When I first told one of my friends that I had been diagnosed with stage 4 endometriosis, she said: “That’s where you just have really heavy periods. Right?” Wrong.
I explained the complications of the condition to her, and how it almost killed me being undiagnosed, to which she was both shocked and embarrassed. She asked me to lower my voice, as her dad was nearby. It made me realise how much of a taboo talking about women’s health “issues” still is, and how little is known about them.
Earlier this year, when I wrote an article confessing how my undiagnosed freak endometriosis cyst almost killed me, I was inundated with calls and messages from family friends, loved ones, and people from within my community.
At first, it was nice to see their concern, but much of the content in the messages showed just how little we, not just in culturally diverse communities, but as a society actually know about the disease. It made me question why it’s not encouraged to be discussed and talked about. and why women’s reproductive issues in general seemed to lack open discussion.
It’s not just doctors, here’s what men need to understand about endometriosis. Post continues after video.
Being born to Lebanese parents, migrating to Australia at such a young age, I’m still very in touch with my cultural roots and its community. I grew up noticing that culturally, saying you had a heavy period was a taboo, and many women and their husbands had no idea about women’s reproductive issues – let alone how to identify the early signs and get help.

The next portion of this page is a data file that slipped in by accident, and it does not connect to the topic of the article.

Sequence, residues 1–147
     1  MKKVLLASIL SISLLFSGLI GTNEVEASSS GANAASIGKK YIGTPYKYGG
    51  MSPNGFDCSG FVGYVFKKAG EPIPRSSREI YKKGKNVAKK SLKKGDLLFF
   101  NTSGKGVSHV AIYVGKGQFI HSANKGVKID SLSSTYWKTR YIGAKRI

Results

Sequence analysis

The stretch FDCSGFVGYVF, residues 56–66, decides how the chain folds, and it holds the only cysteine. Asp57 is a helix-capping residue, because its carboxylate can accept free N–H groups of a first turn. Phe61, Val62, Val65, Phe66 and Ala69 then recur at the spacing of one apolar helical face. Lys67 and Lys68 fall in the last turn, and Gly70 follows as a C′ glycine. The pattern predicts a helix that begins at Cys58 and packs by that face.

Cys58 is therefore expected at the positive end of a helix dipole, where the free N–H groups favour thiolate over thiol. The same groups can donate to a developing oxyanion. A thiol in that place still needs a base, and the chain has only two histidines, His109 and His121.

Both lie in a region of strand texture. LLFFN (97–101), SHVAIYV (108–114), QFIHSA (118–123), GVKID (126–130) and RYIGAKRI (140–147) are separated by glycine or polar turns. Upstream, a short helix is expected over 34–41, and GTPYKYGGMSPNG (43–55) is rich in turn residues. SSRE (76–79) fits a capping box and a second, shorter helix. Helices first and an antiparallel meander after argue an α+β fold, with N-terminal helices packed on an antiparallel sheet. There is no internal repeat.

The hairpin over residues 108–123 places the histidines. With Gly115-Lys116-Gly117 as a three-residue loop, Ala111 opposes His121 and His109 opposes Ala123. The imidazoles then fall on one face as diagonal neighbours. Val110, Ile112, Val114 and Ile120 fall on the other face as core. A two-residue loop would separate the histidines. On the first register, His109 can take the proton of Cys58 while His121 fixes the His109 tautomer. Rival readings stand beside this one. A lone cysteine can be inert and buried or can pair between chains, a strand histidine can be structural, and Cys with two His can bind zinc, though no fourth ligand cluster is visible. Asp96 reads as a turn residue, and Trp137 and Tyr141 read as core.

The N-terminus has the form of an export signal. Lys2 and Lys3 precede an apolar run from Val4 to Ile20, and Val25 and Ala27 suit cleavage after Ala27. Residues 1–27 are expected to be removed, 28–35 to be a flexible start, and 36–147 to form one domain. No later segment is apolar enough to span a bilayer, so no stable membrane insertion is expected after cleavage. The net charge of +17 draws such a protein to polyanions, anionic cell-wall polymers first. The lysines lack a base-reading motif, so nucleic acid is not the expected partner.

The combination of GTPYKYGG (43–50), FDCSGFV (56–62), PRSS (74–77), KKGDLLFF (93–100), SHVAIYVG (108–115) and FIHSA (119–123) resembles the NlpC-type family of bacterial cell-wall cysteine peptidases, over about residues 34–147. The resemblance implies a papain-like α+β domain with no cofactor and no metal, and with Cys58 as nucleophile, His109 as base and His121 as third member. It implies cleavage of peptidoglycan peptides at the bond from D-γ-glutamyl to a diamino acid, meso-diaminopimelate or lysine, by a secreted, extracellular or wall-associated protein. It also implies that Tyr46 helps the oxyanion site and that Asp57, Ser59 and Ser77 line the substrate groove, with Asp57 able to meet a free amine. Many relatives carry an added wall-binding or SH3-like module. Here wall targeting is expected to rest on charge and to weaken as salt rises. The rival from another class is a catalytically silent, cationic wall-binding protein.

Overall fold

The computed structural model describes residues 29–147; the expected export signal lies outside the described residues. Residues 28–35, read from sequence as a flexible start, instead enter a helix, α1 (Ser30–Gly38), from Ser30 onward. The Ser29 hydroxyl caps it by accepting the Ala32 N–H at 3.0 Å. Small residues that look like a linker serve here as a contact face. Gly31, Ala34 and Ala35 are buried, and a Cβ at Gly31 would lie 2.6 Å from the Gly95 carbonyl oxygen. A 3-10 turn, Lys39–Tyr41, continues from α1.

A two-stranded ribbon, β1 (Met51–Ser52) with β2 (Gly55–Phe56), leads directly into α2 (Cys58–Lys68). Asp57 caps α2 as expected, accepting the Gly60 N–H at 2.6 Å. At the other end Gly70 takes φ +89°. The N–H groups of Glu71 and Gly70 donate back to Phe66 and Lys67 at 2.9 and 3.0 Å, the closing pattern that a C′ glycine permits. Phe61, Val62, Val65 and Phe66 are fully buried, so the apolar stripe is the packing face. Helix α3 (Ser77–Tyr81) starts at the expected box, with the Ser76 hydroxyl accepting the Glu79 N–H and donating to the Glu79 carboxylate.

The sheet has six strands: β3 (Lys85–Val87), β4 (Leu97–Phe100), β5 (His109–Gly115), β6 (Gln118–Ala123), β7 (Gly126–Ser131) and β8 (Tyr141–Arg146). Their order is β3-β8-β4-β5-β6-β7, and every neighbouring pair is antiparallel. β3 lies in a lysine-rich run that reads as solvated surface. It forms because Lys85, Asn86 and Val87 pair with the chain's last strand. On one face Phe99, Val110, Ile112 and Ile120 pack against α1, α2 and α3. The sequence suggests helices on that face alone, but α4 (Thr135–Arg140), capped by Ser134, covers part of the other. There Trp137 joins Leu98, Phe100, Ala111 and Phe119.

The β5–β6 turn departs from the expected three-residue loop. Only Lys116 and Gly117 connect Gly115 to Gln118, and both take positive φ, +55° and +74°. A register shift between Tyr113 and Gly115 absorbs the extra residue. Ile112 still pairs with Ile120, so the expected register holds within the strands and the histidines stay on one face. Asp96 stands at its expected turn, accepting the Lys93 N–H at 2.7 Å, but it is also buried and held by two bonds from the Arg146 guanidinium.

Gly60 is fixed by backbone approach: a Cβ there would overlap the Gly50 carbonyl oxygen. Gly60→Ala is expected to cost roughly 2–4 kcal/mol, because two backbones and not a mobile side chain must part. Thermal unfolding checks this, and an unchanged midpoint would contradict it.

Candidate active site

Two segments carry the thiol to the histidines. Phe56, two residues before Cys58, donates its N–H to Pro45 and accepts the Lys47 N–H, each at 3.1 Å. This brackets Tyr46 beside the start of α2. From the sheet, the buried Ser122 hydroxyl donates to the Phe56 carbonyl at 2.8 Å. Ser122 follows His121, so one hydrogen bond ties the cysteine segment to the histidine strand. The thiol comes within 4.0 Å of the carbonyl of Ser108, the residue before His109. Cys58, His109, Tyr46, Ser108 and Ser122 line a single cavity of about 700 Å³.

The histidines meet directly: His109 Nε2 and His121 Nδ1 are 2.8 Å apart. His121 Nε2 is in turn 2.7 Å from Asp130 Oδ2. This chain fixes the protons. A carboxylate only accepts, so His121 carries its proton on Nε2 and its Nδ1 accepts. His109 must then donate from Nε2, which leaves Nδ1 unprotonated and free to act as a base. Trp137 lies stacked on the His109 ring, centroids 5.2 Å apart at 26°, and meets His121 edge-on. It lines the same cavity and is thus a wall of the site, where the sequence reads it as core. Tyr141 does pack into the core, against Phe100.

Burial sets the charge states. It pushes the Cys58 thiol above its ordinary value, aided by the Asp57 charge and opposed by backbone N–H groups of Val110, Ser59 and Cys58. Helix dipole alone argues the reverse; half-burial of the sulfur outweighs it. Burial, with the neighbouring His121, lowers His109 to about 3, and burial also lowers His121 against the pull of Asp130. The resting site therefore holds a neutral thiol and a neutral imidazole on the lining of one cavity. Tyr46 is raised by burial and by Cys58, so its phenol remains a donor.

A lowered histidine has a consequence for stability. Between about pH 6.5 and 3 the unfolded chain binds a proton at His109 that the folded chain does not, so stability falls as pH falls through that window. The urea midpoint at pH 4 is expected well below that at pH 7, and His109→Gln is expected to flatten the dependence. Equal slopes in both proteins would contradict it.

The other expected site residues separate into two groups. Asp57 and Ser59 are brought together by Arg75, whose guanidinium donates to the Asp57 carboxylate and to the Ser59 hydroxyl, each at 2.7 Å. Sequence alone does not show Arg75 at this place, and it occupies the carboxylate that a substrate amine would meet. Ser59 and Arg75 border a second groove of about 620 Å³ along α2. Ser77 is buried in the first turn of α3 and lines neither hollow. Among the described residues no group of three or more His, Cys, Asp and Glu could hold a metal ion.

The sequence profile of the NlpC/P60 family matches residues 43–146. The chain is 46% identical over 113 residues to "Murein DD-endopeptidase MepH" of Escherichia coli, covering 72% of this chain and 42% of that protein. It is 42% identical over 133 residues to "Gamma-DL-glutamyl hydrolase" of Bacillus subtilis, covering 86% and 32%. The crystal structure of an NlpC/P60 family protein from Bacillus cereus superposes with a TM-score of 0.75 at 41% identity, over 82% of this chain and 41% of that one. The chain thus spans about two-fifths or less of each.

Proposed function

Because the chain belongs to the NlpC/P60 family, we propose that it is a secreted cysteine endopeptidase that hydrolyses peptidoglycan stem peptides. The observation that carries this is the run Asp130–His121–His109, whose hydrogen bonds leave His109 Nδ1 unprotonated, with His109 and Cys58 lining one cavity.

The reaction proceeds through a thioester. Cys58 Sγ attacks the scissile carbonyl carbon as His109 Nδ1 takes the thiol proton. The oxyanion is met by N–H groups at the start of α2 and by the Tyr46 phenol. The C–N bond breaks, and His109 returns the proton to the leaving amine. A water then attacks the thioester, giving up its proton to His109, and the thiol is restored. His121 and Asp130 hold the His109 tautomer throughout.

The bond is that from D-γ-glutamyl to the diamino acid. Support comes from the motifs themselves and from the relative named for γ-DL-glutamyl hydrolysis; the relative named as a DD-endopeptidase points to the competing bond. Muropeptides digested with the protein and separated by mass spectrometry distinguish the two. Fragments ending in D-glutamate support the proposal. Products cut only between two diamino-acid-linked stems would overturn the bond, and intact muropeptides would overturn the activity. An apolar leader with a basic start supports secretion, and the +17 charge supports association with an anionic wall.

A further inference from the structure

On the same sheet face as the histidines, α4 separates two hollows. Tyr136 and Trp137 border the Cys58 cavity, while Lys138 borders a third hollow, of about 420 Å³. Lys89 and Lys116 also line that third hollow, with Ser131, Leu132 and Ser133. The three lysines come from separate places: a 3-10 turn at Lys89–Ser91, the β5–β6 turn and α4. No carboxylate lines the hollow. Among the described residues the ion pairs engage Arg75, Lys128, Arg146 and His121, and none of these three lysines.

I particularly noticed this after publishing my story. I received over 30 messages from women and men from many diverse cultural backgrounds, asking me how I knew I had endometriosis, asking for advice and tips for themselves, wives, mothers, and daughters. While they were all well intended and humbling, it left me concerned. Why are we still treating women’s issues as taboos?
I believe that educating yourself about what’s going on in your body is key to receiving early diagnosis for endometriosis. One of the most important things to getting the treatment you need is identifying the symptoms, and doing your research on how periods work.